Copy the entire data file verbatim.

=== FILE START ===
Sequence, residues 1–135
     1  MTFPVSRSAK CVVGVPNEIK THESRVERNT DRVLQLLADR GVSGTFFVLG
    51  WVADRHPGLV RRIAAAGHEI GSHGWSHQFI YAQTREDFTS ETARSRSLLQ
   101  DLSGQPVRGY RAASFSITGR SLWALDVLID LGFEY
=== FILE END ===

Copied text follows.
Sequence, residues 1–135
     1  MTFPVSRSAK CVVGVPNEIK THESRVERNT DRVLQLLADR GVSGTFFVLG
    51  WVADRHPGLV RRIAAAGHEI GSHGWSHQFI YAQTREDFTS ETARSRSLLQ
   101  DLSGQPVRGY RAASFSITGR SLWALDVLID LGFEY